I ate a lot this weekend.

Friday lunch: Shrimp Etouffee and Fried Chicken at Lil’ Dizzy’s Cafe. I actually went in for a quick salad bar visit, but the hostess convinced me to order a dish. It wasn’t motivated by “I was told to SELL this dish.” Rather, it was pure pride. “You have GOT to try our gulf shrimp special today.” The waitress who brought it was equally proud and excited: “Baby, this gon’ be the best etouffee and chicken you ever ate.” The etouffee had a generous amount of huge gulf shrimp and a slightly spicy sauce that enhanced the shrimp flavor and was thick but not heavy. Everyone claims to have the best friend chicken in town, but what I got was definitely top five.

610 Poydras Street
New Orleans, LA 70130
(504) 212-5656

Saturday dinner: Several courses with wine pairings at Le Meritage in Le Maison Dupuy.

  • Crispy Tuna Roll, dynamite sauce, sea salad. Despite being quickly deep fried, the roll was only lightly battered and the fish inside was still raw. I avoid deep-fried sushi like it’s my job, but this was quite good. The red pepper and mayo sauce was used sparingly and correctly. The seaweed in the salad added some nice salt and crunch.
  • Seared Sea Scallop, yellow curry, crispy shallot. The curry was very mild and didn’t hide the flavor of a well-cooked scallop. The shallots on top gave a nice texture change. I like all the ingredients, so naturally I loved the dish.
  • Foie Gras Torchon, brioche, port reduction. Rich, rich, rich. But no complaints here.
  • Duck Two Ways, fig compote, foie gras, butter potatoes. Seared breast and confit of dark meat. Really three ways if you count the slice of duck foie gras. I love duck.
  • Grilled Venison Loin, corn and black bean salad, chimichurri. A nice dish that didn’t mask the game flavor of the meat and countered it with a nice, carby salad and a herby, fresh sauce.
  • Peanut Butter Pave, berries. Like a really good Reese’s Peanut Butter Cup. Thick but not overly sweet or buttery. Definitely tasted and felt healthy despite being dessert.

1001 Rue Toulouse
New Orleans, LA 70112
(504) 522-8800

Sunday late lunch: Paneed Veal and Crab Fried Rice at American Sector. I’m not a huge veal fan, but what isn’t good paneed (i.e. pounded to a uniform thickness and deep fried)? The crab fried rice had a hint of curry and lumps of crabmeat in it. Quite good.

945 Magazine Street
New Orleans, LA 70130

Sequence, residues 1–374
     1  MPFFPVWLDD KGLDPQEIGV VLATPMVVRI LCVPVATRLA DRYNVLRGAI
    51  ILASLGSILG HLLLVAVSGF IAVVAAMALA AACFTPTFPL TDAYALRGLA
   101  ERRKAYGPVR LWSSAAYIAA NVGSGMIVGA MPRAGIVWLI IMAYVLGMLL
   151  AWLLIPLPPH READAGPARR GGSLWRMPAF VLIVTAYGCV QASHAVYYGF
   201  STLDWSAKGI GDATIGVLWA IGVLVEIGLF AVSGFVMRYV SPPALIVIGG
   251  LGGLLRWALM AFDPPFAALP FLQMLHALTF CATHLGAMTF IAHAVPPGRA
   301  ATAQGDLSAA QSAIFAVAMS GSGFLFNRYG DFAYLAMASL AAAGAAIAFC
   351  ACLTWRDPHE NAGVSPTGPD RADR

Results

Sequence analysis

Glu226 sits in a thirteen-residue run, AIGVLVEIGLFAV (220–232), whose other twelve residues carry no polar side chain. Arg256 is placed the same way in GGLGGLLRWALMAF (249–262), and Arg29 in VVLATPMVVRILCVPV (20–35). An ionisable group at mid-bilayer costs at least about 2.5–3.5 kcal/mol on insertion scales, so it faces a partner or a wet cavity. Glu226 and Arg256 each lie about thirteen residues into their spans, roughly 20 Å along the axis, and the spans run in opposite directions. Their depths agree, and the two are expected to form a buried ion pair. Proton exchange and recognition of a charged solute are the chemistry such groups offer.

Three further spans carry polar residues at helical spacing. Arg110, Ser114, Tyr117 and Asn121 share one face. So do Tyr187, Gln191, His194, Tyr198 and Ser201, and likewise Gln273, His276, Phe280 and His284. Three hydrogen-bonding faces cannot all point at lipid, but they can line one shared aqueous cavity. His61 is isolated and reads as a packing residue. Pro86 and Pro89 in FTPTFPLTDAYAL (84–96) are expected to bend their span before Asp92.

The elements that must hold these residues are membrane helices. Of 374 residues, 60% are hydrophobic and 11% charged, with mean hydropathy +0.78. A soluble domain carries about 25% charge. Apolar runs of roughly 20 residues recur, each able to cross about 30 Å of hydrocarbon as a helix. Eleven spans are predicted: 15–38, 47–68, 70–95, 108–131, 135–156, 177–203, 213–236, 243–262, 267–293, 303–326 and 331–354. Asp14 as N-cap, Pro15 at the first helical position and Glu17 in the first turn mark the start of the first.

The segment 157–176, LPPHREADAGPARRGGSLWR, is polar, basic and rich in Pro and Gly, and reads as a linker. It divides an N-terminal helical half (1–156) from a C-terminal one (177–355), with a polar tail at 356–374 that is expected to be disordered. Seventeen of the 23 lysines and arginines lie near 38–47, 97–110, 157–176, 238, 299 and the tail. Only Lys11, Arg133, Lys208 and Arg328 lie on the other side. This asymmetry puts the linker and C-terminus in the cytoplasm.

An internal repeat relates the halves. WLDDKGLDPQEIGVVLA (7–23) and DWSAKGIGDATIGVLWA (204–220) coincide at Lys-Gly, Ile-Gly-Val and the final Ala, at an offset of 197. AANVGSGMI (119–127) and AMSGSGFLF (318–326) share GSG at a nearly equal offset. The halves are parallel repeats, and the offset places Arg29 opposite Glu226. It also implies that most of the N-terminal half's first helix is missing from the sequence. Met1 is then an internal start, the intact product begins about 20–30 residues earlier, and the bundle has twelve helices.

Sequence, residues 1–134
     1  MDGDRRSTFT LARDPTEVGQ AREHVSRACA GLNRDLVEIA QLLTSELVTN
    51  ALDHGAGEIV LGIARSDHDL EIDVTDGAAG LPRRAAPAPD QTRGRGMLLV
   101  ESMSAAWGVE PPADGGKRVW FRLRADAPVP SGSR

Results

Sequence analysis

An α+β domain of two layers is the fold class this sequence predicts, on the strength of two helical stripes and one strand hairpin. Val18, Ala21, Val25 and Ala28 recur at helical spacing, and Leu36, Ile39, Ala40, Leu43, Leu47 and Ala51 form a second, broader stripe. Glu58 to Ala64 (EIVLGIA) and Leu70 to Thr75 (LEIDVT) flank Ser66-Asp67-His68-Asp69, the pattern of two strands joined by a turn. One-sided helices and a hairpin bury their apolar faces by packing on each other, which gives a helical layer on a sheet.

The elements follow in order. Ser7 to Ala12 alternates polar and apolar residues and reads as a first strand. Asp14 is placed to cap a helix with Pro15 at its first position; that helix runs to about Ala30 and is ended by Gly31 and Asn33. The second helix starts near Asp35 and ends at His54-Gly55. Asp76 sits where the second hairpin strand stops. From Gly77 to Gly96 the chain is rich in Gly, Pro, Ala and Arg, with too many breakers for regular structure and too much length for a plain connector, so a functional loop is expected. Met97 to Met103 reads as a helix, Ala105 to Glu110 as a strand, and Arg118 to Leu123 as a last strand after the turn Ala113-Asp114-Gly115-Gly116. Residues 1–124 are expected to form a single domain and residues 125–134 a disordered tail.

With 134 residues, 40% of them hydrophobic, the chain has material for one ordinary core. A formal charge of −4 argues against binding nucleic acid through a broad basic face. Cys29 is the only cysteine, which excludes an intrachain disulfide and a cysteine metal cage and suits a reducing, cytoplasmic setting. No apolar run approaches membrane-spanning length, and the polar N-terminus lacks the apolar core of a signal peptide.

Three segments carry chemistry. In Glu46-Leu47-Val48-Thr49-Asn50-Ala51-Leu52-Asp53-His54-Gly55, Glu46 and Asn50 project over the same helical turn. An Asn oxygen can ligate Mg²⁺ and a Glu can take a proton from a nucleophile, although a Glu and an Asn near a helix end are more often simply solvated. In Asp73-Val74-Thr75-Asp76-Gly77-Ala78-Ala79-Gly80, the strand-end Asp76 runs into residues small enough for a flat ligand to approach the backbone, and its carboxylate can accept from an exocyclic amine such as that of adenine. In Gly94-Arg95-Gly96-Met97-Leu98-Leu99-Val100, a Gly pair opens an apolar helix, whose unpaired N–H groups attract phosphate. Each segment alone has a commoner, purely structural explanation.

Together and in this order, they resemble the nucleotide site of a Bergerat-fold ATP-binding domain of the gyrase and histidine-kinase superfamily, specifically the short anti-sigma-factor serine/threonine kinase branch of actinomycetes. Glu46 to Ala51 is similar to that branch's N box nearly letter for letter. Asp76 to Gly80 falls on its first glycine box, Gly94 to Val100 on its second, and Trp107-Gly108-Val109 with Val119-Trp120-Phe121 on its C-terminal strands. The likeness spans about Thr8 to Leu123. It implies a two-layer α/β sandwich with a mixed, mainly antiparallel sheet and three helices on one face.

(504) 528-1940

Sunday dinner: Brisket Pho at Lost Love Lounge. The staff of this kitchen aren’t Vietnamese, but they make a great bowl of pho. A little too much star anise but otherwise a great bowl of soup for a cool night.

2529 Dauphine Street
New Orleans, LA 70117
(504) 949-2009

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Mr. John’s Steak House

I think you can tell a lot about a restaurant by their bread. (Is it fresh? Warm? Baked in-house?) Mr. John’s serves garlic bread, the rare kind that’s more garlicky than buttery. These two ingredients go well with steak and are often applied too generously… but not here. This restraint set the tone for my meal.

Garlic and butter are the usual accompaniments to snails, but I had an appetizer that put the escargot with mushrooms, shallots, brandy, and (red) wine. The menu said they were served “in a puff pastry,” but the actual dish had four times the amount of escargot sitting next to the puff pastry as well. Entrée size appetizer. I’ve eaten snails many times in the ubiquitous French style and also with black beans in Chinese dim sum. Now that I’ve tried it in another preparation (and in such generous quantity) I think I understand the taste of the snail itself and I’m not sure it’s my favorite protein. That being said, the dish was very good. There was no effort to conceal the true flavor the snail, just to accompany it.

As for the main course, Mr. John’s signature is the New York Strip, but I ordered the Ribeye because it’s my favorite cut and I’m on a casual quest to find the best one in New Orleans. Salt. Coarse ground black pepper. Diced parsley. Butter, sizzling the first few minutes of the meal. Despite how hot the serving plate was, the steak was perfectly medium rare (unlike some competitors I won’t name). No sauce. Unapologetically rich. I had my ‘08 Caposaldo Chianti to help me along the way.

I almost went with the universal creamed spinach but had heard good things about the broccoli au gratin—five large florets baked under a heap of cheddar, the bits on the rim browned and crispy. Any kid who used to play with their food and submerge their broccoli trees in a lava eruption of cheese sauce would like this. It was more of a fat than a vegetable, but again wine is for cutting through that.

I forced myself to complete the meal with dessert, and I wasn’t expecting a grand finish. But both the waiters independently pushed the tiramisu, and this was one of the best ones I’ve had outside of Italy. The emphasis was correctly on the mascarpone (not cream cheese) rather than the espresso (not regular coffee) soaked ladyfingers. Yet the dish was not heavy. Don’t get me wrong, the serving was the size of a Rubik’s Cube, but an actual spoonful was surprisingly light. You could taste the cocoa, dusted on top into the shape of a fleur de lis, and also the liquor.

All in all a great meal and better than competitors at similar price. Some restaurants overcompensate for lackluster taste with huge portions, but quality and quantity are both served up at Mr. John’s.

2111 St. Charles Avenue

New Orleans, LA 70130

504-679-7697

Dinner Tuesday – Saturday

Lunch on Friday

http://www.mrjohnssteakhouse.com